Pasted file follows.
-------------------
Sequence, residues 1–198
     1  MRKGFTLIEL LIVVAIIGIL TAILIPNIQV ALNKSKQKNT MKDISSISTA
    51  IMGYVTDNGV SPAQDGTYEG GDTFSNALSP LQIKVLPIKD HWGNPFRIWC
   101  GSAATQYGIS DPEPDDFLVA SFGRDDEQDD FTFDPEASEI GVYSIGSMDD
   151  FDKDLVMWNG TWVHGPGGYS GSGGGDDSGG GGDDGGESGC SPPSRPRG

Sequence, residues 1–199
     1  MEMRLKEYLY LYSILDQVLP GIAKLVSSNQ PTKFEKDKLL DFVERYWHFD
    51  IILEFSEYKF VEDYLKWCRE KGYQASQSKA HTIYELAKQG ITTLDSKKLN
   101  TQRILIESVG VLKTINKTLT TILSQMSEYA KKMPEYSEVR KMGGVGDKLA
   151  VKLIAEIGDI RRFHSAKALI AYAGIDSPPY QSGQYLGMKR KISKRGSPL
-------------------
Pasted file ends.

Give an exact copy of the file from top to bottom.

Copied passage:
Sequence, residues 1–198
     1  MRKGFTLIEL LIVVAIIGIL TAILIPNIQV ALNKSKQKNT MKDISSISTA
    51  IMGYVTDNGV SPAQDGTYEG GDTFSNALSP LQIKVLPIKD HWGNPFRIWC
   101  GSAATQYGIS DPEPDDFLVA SFGRDDEQDD FTFDPEASEI GVYSIGSMDD
   151  FDKDLVMWNG TWVHGPGGYS GSGGGDDSGG GGDDGGESGC SPPSRPRG

Sequence, residues 1–199
     1  MEMRLKEYLY LYSILDQVLP GIAKLVSSNQ PTKFEKDKLL DFVERYWHFD
    51  IILEFSEYKF VEDYLKWCRE KGYQASQSKA HTIYELAKQG ITTLDSKKLN
   101  TQRILIESVG VLKTINKTLT TILSQMSEYA KKMPEYSEVR KMGGVGDKLA
   151  VKLIAEIGDI RRFHSAKALI AYAGIDSPPY QSGQYLGMKR KISKRGSPL